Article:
The aim of this project is automatically checking emails and showing the presence of new messages with different LED colors corresponding to different Gmail labels. The final product is a USB powered, WiFi connected, 3d printed small box with beautifully colored LEDs. You can place it anywhere there is a WiFi signal, and check your mailbox with a glance!
Recent support of IFTTT for Spark will make this project even easier! Check this here: https://www.spark.io/ifttt
Here is an example of architecture, using a Raspberry Pi to check your email and send notifications to the Spark Core living inside the E-mail watch. The Raspberry Pi can be replaced by any "always on" system.
And here is a list of what you will need:
Assembling the hardware parts is fast and easy. Thanks to the breadboard no soldering is required and you are always free to modify or upgrade the design by adding LEDs, sensors, etc. The microUSB cable is provided with the Spark board.
See the Hardware section for full list.
Assembly steps (see figure below):
- Insert the Spark board on the breadboard (observe alignment)
- Insert the RGB LED (4 pins in 4 columns)
- Insert the yellow LED (positive leg in D0)
- Connect RGB LED legs to pins A4, A5, A6 and GROUND with the 3 resistors and wire
- Connect yellow LED legs to pin D0 and GROUND with the resistor (LED leg in my case) and wire
- Cover the breadboard with the 3d printed case, make sure that the LEDs fit well into the holes
1: the Spark firmware (Arduino compatible) to physically control the LEDs. Just copy and paste the code provided below, in the Spark web IDE. Then compile and flash, no changes are required.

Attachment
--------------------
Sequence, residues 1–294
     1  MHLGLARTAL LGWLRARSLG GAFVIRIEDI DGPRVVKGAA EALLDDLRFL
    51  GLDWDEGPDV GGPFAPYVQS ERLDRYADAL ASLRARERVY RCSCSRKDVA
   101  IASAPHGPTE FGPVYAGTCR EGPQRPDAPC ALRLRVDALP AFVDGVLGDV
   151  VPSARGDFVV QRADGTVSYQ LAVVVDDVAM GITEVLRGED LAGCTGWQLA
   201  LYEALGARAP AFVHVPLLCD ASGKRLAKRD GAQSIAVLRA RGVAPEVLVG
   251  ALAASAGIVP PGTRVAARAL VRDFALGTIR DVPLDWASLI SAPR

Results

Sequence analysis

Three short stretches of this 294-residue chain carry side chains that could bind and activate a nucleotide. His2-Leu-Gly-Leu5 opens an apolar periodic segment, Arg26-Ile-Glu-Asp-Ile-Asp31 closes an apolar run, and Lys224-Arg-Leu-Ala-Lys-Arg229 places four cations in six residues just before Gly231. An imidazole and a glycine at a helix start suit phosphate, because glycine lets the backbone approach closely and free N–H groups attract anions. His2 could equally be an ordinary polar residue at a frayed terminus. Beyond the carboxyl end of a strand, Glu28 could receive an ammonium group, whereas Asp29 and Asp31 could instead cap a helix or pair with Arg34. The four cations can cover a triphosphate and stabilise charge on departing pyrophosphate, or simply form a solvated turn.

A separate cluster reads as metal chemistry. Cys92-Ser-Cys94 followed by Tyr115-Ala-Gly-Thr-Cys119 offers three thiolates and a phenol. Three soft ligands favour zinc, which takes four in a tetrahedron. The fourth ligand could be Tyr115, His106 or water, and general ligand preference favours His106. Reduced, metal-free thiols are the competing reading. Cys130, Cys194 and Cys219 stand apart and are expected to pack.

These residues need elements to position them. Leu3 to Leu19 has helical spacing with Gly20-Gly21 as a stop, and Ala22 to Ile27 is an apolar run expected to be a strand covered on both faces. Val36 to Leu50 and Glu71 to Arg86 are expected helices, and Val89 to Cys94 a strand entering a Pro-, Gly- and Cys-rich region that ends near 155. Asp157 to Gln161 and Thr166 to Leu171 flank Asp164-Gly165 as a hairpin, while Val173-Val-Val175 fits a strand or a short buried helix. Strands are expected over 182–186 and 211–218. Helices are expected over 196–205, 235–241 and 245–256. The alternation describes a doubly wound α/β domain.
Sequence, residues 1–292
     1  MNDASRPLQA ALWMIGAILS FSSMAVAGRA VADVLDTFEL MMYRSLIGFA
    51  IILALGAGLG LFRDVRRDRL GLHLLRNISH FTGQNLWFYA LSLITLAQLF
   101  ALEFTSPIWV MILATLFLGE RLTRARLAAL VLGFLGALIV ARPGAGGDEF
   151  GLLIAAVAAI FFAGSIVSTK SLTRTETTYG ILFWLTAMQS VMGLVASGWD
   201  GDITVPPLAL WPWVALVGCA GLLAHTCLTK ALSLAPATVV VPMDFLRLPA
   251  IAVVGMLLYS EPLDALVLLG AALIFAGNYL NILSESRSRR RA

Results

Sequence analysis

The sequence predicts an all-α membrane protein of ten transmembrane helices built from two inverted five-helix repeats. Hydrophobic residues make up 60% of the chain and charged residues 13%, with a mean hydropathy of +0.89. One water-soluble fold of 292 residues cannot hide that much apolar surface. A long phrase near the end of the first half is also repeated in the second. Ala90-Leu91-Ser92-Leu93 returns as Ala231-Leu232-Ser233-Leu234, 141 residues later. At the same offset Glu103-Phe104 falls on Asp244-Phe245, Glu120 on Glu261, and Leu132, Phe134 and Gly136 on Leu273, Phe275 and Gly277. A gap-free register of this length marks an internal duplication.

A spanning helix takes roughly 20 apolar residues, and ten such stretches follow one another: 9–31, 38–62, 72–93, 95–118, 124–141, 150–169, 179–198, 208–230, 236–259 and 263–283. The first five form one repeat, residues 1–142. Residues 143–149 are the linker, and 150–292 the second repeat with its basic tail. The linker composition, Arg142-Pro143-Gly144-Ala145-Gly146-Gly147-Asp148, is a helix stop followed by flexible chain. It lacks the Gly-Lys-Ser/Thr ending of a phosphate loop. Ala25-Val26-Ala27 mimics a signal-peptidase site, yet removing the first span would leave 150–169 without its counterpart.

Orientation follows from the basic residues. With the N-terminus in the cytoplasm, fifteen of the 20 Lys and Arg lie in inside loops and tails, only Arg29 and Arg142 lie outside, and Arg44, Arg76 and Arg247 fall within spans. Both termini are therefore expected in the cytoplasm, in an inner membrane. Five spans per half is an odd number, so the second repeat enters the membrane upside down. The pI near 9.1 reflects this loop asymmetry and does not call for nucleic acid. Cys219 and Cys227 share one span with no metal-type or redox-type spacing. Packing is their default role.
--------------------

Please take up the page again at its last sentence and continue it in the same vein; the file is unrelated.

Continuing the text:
2: a bash script (an "always on" Linux PC or Raspberry Pi) to check email and send signals to the Spark Core. Run the script below on your machine (I recommend to launch it at startup).
You will need to insert your Spark device and Gmail account parameters in the bash script. Please note that we prefer to avoid keeping the Gmail account and password in clear, in the same file, thus we will provide an encoded password to the script and decode it at run-time. In this way your Gmail password is not stored in clear at all and the decoding password is not stored in the same file of the encoded Gmail password.
Check the Software section for full details.
In this example we have 4 different Gmail labels (Bank, Personal, Social, Notification) and 1 special category (Star). Each label corresponds to a different color of the RGB LED (blue, green, purple, cyan). The special category is indicated by the star-shaped, yellow LED. In addition, the RGB led becomes red in case of problems with your Gmail account (wrong password, network issues, etc.) and becomes yellow in case no information is received from the bash script for some time (watchdog).
The embedded blue LED (right side of the box) indicates the Spark cloud connection (single blink=connected) and the script correct activity (double blink=script active).
The pulsing (hidden under the cloud symbol) multicolor LED meaning is described on the Spark starting page: http://docs.spark.io/#step-3-connect-your-core-to-the-cloud
Finally a short clip showing the real behavior:
- wifi connection (green blink)
- cloud connection (cyan blink/pulse)
- initial LED test (all LEDs on)
- cloud connected (solid blue LED under the microUSB plug)
- waiting for updates (solid yellow LED)
- new messages (green=personal, blue=bank, purple=social)
- new starred message (yellow star LED)
The top left LED intensity increases proportionally with the number of new messages (for each category).
That's it! (Comments are very welcome)
UPDATE: I'm designing a new, slightly refined version of the case and I'm also planning to sell the fully assembled device.
You can find it here (assembled in Italy):http://www.snmodels.com/snshop/altri-prodotti/e-mail-watch
So let me know if you would like to build your own E-mail watch, I will give you further support!